the type of purposeful work of serious academics,
but rather it damns the popular historical books
that Ambrose and the like churn out as fast as Bor-
ders can stock them. If we're going to be asked by
publishers, TV hosts, and even the authors them-
selves to treat these writers as historians then we
should demand that they act like scholars.
The embarrassment began for Goodwin when
she admitted to using several lines from another
book on the Kennedy family - an incident that
Goodwin reportedly apologized for in the form of
a financial settlement. Yet just last week The New
York Times reported that Goodwin's researchers
had uncovered more than 50 places where she
copied phrases - a far cry from the several acci-
dental lines the author had originally owned up to.
The fact is, people like Goodwin have become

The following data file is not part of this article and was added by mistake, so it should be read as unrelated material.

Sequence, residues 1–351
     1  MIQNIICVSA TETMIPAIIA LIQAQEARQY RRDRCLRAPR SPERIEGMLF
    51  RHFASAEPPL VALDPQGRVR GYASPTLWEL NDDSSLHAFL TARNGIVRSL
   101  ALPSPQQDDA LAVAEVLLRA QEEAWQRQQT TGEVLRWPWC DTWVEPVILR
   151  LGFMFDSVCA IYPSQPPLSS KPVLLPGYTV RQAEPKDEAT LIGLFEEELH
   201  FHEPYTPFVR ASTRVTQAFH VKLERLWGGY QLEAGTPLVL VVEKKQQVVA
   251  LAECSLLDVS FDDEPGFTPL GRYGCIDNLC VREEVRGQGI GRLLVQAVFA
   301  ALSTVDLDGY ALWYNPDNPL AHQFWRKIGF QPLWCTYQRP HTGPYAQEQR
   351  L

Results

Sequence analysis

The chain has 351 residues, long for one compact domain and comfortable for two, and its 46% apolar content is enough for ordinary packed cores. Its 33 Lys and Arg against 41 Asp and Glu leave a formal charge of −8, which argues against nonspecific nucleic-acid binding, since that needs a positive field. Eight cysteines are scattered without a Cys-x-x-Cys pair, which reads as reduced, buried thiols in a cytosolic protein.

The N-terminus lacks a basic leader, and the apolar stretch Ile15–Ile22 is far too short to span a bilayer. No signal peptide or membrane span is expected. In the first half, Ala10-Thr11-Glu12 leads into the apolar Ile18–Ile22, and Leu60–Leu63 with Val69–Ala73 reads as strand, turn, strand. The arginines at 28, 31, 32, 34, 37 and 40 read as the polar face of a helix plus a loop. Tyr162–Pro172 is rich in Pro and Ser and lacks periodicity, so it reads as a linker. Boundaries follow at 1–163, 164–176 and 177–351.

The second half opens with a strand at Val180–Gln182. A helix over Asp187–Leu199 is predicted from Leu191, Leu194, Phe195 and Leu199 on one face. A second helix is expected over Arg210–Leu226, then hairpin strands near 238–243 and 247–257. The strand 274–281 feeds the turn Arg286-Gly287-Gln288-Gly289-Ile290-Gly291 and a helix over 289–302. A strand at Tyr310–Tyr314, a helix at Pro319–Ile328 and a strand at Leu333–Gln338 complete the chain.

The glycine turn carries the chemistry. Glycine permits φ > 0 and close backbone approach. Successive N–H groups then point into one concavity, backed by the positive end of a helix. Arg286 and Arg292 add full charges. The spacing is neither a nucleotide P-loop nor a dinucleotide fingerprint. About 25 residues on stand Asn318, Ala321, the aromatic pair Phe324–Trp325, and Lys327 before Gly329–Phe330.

celebrities first and historians second. The folks at
PBS who frequently tout Goodwin as a regular
commentator on "NewsHour with Jim Lehrer"

have asked the author to take a break from her
appearances "until all outstanding questions are
resolved."
This news probably didn't go over well at
Jeri Charles Associates, the Washington-based
firm that arranges appointments for some of
the nation's most engaging public speakers,
and the firm that has Goodwin listed in
"$20,000 and above" range for an appearance
- right there with cultural luminaries like
NBC's Greg Gumble.
Goodwin has become a lecture-circuit and
television celebrity who is an author with an
interest in history - this alone hardly makes
her a historian.
The lifted phrases, Goodwin maintained in
last week's Times story, were unintentional
results of poor note taking. The author said that
she and her researchers had become confused as
to what they had copied for notes and what they